The real winners in what is a rapidly changing reinsurance industry facing severe “headwinds” will be those players large enough to easily move capital to the most profitable lines while being able to cope with the growing cost and constraints of increased regulatory burdens.
That was the view of several panellists speaking at a debate held at the International Insurance Society’s annual conference in London on Tuesday June 24).
Denis Kessler, chief executive of SCOR, said he remains optimistic partly because of the increasingly fragmented nature of markets, allowing large global players like SCOR to target suitable lines of business by class and geography as best suits them.
“I don’t like sweeping statements that imply the market is soft; you can still make money in this environment because there are big differences between lines of business and the way rates are behaving in different countries,” he said.
He accepted that significant pressure has been brought to bear on certain peak perils lines such as US cat business, but noted that this only represents between 2 and 3 percent of SCOR’s global portfolio.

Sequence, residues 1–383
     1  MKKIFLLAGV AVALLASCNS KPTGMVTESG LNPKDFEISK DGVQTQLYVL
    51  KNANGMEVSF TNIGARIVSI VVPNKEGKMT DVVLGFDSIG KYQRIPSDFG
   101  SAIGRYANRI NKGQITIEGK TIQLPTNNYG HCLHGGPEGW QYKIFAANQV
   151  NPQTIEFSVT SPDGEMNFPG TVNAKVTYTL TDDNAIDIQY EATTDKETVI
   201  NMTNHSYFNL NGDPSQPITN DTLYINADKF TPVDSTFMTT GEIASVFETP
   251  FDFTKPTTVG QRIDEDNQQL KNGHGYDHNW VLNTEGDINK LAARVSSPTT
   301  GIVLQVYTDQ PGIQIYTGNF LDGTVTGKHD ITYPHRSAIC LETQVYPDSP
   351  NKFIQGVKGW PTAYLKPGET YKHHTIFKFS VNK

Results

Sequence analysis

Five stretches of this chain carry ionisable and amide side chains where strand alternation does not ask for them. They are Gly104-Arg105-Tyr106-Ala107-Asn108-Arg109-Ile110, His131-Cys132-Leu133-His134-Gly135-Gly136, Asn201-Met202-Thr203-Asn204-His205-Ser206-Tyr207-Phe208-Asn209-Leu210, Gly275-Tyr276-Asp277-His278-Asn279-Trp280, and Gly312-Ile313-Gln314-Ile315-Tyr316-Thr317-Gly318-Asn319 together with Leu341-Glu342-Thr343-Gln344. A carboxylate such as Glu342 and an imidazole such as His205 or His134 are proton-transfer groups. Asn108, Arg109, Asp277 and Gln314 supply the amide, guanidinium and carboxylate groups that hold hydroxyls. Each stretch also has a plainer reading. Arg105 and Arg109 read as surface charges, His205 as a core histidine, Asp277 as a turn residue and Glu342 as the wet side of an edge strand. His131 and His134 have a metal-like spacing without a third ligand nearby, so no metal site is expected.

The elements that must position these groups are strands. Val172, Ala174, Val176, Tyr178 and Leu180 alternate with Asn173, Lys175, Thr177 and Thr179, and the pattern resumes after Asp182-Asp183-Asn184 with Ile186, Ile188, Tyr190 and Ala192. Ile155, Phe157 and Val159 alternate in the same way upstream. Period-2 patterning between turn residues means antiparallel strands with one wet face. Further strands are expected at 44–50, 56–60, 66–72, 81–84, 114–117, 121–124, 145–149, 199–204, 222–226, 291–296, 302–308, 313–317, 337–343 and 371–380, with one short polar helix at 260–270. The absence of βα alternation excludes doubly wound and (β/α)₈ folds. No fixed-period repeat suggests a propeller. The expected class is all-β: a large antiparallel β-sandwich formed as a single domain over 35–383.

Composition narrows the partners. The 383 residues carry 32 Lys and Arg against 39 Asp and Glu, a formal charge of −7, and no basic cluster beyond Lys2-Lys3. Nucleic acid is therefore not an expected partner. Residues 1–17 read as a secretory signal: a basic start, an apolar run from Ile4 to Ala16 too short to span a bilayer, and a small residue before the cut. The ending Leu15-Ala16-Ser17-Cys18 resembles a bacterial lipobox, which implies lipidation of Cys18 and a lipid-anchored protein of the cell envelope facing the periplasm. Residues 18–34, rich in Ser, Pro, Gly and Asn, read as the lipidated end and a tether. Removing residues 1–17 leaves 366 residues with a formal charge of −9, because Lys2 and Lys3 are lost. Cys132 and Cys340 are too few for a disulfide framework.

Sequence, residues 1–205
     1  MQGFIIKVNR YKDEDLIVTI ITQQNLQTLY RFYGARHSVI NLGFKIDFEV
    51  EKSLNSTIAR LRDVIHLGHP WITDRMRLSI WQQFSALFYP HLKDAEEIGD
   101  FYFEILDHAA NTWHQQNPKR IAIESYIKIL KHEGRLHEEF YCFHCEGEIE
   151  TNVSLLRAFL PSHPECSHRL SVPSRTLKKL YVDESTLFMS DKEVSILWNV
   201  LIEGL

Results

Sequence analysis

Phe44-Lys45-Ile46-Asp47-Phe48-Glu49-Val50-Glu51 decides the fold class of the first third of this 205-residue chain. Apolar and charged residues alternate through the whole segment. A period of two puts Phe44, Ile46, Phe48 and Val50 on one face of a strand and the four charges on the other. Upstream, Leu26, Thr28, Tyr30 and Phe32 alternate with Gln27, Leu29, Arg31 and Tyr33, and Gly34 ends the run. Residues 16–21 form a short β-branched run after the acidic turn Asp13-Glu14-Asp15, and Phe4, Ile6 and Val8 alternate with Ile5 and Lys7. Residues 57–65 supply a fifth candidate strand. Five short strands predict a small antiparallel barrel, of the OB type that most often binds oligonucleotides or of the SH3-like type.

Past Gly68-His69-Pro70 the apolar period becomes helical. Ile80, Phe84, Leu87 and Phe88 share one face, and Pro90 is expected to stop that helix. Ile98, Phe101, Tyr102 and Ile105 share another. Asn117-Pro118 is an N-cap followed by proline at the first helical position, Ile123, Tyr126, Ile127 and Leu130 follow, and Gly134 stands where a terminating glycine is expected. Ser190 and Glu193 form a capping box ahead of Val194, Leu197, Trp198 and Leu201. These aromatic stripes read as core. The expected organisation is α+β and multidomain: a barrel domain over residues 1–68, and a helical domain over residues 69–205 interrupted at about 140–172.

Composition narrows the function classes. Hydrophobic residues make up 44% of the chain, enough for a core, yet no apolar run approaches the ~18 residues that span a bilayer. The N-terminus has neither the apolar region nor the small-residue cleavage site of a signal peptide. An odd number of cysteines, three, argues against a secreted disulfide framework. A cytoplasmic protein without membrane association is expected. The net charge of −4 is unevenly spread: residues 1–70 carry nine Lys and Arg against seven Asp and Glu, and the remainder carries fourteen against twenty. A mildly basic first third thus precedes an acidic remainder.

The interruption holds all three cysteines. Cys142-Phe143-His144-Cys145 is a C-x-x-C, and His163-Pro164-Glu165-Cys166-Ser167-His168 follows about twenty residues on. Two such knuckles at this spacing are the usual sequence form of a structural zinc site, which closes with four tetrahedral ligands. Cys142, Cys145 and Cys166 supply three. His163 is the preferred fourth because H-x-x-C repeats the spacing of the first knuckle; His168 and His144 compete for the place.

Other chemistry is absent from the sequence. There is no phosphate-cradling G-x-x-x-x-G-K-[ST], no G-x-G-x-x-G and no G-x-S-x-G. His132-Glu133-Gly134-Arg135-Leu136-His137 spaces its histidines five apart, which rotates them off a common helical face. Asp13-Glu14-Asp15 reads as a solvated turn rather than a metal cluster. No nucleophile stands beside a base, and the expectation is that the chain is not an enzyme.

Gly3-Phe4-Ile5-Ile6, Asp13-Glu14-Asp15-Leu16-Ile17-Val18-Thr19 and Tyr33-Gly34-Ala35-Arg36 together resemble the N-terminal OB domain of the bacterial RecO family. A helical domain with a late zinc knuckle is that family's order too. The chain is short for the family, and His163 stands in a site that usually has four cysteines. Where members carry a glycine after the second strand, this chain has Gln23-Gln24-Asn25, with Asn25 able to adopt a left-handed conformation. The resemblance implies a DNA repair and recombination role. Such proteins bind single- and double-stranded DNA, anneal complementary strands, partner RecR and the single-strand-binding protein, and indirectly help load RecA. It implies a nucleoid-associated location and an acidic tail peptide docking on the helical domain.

He went on to say that he believes that smaller companies unable to cope with growing regulatory demands and which also lack diversification will be the first to suffer and many will be forced into consolidation to survive.
“Tier 3 reinsurers with no diversification operating in lines of business that are becoming increasingly commoditised will be the first to suffer,” he said. “It will be tough for them and I anticipate consolidation because of this. Companies that have a good global franchise will be able to reallocate capacity and identify opportunities to continue to grow and remain profitable.”
IIS, Denis Kessler, Europe, SCOR